ACE inhibitors inhibit ACE which prevents the formation of angiotensin II and prevents angiotensin-induced vasoconstriction to decrease blood pressure which prevents angiotensin-induced released of aldosterone to decreased sodium and water retention which further decrease blood pressure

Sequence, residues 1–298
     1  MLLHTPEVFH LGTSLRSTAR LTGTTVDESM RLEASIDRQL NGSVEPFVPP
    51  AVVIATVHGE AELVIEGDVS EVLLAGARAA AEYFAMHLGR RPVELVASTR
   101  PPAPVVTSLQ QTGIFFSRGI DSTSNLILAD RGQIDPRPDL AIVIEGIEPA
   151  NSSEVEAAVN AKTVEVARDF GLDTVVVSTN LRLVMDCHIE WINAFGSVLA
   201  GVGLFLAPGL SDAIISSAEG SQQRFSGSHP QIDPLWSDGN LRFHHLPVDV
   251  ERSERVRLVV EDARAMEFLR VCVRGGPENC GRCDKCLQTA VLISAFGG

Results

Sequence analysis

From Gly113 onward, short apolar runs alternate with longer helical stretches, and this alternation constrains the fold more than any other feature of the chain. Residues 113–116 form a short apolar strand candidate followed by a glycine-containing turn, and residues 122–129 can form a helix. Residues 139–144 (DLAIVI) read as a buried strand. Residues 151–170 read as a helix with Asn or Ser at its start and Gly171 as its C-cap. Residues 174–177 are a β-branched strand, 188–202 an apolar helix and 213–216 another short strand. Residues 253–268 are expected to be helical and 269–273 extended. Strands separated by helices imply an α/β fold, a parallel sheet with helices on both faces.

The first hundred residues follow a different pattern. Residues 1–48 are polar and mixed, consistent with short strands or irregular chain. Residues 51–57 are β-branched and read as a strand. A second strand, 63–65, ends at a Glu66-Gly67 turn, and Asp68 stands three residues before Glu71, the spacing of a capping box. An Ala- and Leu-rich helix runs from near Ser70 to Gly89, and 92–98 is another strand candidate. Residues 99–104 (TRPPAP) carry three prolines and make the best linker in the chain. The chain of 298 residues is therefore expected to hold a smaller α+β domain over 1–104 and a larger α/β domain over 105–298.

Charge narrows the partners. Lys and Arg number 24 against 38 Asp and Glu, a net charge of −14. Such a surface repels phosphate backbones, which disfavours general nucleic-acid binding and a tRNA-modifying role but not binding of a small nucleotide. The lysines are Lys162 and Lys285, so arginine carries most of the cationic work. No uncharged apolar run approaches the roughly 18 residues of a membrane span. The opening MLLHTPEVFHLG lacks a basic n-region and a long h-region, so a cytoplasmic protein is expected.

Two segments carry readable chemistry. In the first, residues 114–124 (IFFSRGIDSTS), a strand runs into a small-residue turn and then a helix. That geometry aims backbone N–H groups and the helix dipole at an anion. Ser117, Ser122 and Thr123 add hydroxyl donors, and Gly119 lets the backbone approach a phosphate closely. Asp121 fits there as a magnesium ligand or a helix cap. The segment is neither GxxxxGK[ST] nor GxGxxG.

ACE inhibitors inhibit ACE which prevents the formation of angiotensin II and prevents angiotensin-induced vasoconstriction to decrease blood pressure which prevents angiotensin-induced released of aldosterone to decreased sodium and water retention which further decrease blood pressure. ACE inhibitor prevents the formation of Angiotensin II which prevents vasoconstriction and decreased blood volume by aldosterone (vasopressin) to decrease salt and water reabsorption into the blood. Therefore, blood volume remains the same and does not increase blood pressure. In the Renin Angiotensin Aldosterone system, Angiotensin II is produced by the base compound Angiotensinogen which is made in the liver and is acted upon by Renin (located in the kidney) to form Angiotensin I. Angiotensin I, is act upon by Angiotensin Converting Enzyme and Angiotensin II is formed. Angiotensin II has the following reactions; it increases Sympathetic transmission by increasing heart rate and vasoconstriction. It also increases Vasopressin which is also known as an Antidiuretic hormone. Vasopressin acts on the kidney by increasing salt and water permeability in the cells located in distal convoluted tubule and collecting duct thereby the absorption of salt and water into the blood occurs which increase blood volume and urine output. Angiotensin II is also a vasoconstrictor that shown in the kidney (efferent arteriole of the juxtaglomerular apparatus) it reduces blood flow to the kidneys, by decreasing Glomerular filtration rate, decreasing urinary output and increases blood volume (Grossman and Porth, 2014). Angiotensin II also affect Aldosterone release which increases salt and water reabsorption into the blood which increases potassium secretion, decreasing urine output and increasing blood volume. With all this increase in blood volume, the blood increases. Therefore ACE inhibitor, inhibits Angiotensin-converting Enzyme and therefore no Angiotensin II is produced, and so there is no vasoconstriction, no vasopressin or aldosterone formation or no sodium or water resorption in the blood, and the blood volume remains the same, and so the blood pressure does not increase. There is also a vasodilation effect that ACE inhibitor does which is inhibiting bradykinin degradation, and then prostaglandin production is stimulated.